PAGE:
The art of the Iron Horse
Multi-media exhibit looks back on last 40 years

Local artist Jon Bailey looks over photos to be used in Sunday night’s art installation at the D&SNG museum commemorating 40 years of the Iron Horse Bicycle Classic./Photo by Stephen Eginoire

by Karin L. Becker

Forty years ago, bike racers left Durango and headed for Silverton in the first Iron Horse Bicycle Classic. To commemorate that event and its last four decades, local artist Jon Bailey, an avid cyclist himself, was commissioned by race organizers to create an exhibit. The partially human-powered installation, which gives new meaning to “performance piece,” will provide a unique focal point for the post-race party Sun., May 29, at the Durango & Silverton Narrow Gauge Railroad Museum.

The theme that emerged from the commemorative piece is community, said Bailey. Although not a word that immediately conjures up the independent-minded sport of cycling, Bailey’s exhibit turns this premise on its head. The tribute highlights the communal aspect of this race. “It’s impressive that this community has hosted the bike race for the past 40 years,” he says. With his focus on hosting, not competing, he highlights the importance of how the community of Durango, as Iron Horse participants, volunteers and supporters, has come together year after year to make the race a reality.

Bailey’s exhibit is a multi-dimensional travel through time, starting with that fateful day decades ago when brothers Jim and Tom Mayer brokered a friendly wager. Tom hopped on his 10-speed bike and pedaled more than 50 miles over two mountain passes in an effort to beat his older brother Jim, a brakeman with the train, to Silverton. The race was a quest to show that well-tuned human power can still beat well-oiled machine power.

To fuel the creative fires, Bailey began by rifling through the Iron Horse photographic archives. Not only did the photographs tell a story of the race, but they also showed how the medium of photography itself has changed over the years. The ’70s and ’80s produced delicate black-and-white negatives and textbook shots. In the mid-’80s, the medium morphed into the color slides of local photographer Gunnar Conrad. Any by the late ’90s, the photography changed again into an electronic format, with digital files from Dean Howard and Scott Smith. The photos also show a progression of fashion and technology in bikes, riders and gear. “They show how much has changed but also how much has not changed,” Bailey says.

From the photo archives, Bailey has created a 76-page book, 40 Years of the Iron Horse. The book is all imagery and features both black-and-white and color photos accompanied only by the date they were taken. At the event, prints will be for sale through a silent auction and the proceeds of the book will cover the costs of the installation. Any extra profits, in the spirit of community, will be donated to local charities.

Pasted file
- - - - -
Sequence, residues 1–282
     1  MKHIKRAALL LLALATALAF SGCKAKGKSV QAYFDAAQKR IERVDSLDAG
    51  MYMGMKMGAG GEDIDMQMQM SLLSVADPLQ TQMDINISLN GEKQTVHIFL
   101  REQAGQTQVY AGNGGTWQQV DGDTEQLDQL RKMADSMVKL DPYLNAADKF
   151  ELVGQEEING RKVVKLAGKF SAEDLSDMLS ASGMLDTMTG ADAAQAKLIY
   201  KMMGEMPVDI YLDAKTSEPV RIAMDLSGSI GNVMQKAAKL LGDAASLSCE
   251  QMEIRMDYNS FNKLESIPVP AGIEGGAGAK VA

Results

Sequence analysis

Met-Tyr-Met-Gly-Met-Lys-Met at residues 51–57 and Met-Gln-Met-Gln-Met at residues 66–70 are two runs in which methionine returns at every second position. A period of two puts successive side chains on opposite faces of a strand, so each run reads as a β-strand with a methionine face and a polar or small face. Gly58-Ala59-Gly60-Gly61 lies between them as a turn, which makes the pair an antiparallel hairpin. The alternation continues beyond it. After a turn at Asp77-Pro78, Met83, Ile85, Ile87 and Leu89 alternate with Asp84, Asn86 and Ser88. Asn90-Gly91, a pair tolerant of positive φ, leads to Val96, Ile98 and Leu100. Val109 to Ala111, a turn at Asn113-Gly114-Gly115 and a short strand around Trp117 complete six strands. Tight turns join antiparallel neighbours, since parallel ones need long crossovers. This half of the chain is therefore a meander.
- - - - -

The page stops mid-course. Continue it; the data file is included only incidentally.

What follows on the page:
For the exhibit, Bailey chose 40 of his favorite photos and printed them in life-sized dimensions onto light boxes. The photos are squeezed between the engines at the train museum to give viewers a sense of traveling through time. To further make this piece come to life, 40 female cyclists will pedal bikes stationed on trainers. The bikes will be hooked up to generators, and the riders will power the light boxes. Each cyclist represents a year in the history of the race, starting in 1972 with an 11-year-old rider, with the age of the cyclists increasing with each year up to 2011. Furthering the theme of continuity and community, the cyclists, although riding individually, will all be riding simultaneously.

Bailey included an audible/video component as well. “It is hitting all cylinders,” he says. Finally, live music and beer, of course, will be on hand. “It’s important to soften the audience,” Bailey admits in reference to the libations.

To accomplish this exhibit, community involvement was key. The Discovery Museum played a big part in helping mastermind the generators. Now that the logistics of using trainers to create energy have been solved, more bike-powered events may be seen in the future. Bailey envisions a squad of cyclists pedal-powering their way through a movie.

For Bailey art is a constant study. Although this is his biggest exhibit, he has been a part of many random and smaller projects, including the logo and magazine for the Singlespeed World Championships in 2009 and the package design for Chip Peddler. In addition, he has recently transformed The Blue House, adjacent to the Durango Cyclery, into a studio space. Bailey wants to encourage an underground art scene “where there are not a lot of boundaries.”

After this exhibit, Bailey is looking forward to taking a month off before he dives back into the artistic process. “Even in this economic recession and time of turbulent world affairs, art prevails,” he says in closing. •

 

 

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